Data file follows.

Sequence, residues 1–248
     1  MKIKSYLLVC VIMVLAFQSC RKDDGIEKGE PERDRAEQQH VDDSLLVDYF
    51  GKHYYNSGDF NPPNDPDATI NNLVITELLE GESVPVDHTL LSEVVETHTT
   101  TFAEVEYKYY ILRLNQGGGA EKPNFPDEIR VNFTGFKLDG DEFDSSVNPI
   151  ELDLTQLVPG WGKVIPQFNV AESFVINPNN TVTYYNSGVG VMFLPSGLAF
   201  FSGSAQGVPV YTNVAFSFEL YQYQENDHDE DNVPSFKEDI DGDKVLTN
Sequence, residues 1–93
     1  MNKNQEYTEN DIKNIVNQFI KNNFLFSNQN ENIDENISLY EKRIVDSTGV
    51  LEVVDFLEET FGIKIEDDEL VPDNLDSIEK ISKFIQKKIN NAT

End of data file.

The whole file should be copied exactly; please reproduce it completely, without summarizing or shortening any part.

Sequence, residues 1–248
     1  MKIKSYLLVC VIMVLAFQSC RKDDGIEKGE PERDRAEQQH VDDSLLVDYF
    51  GKHYYNSGDF NPPNDPDATI NNLVITELLE GESVPVDHTL LSEVVETHTT
   101  TFAEVEYKYY ILRLNQGGGA EKPNFPDEIR VNFTGFKLDG DEFDSSVNPI
   151  ELDLTQLVPG WGKVIPQFNV AESFVINPNN TVTYYNSGVG VMFLPSGLAF
   201  FSGSAQGVPV YTNVAFSFEL YQYQENDHDE DNVPSFKEDI DGDKVLTN
Sequence, residues 1–93
     1  MNKNQEYTEN DIKNIVNQFI KNNFLFSNQN ENIDENISLY EKRIVDSTGV
    51  LEVVDFLEET FGIKIEDDEL VPDNLDSIEK ISKFIQKKIN NAT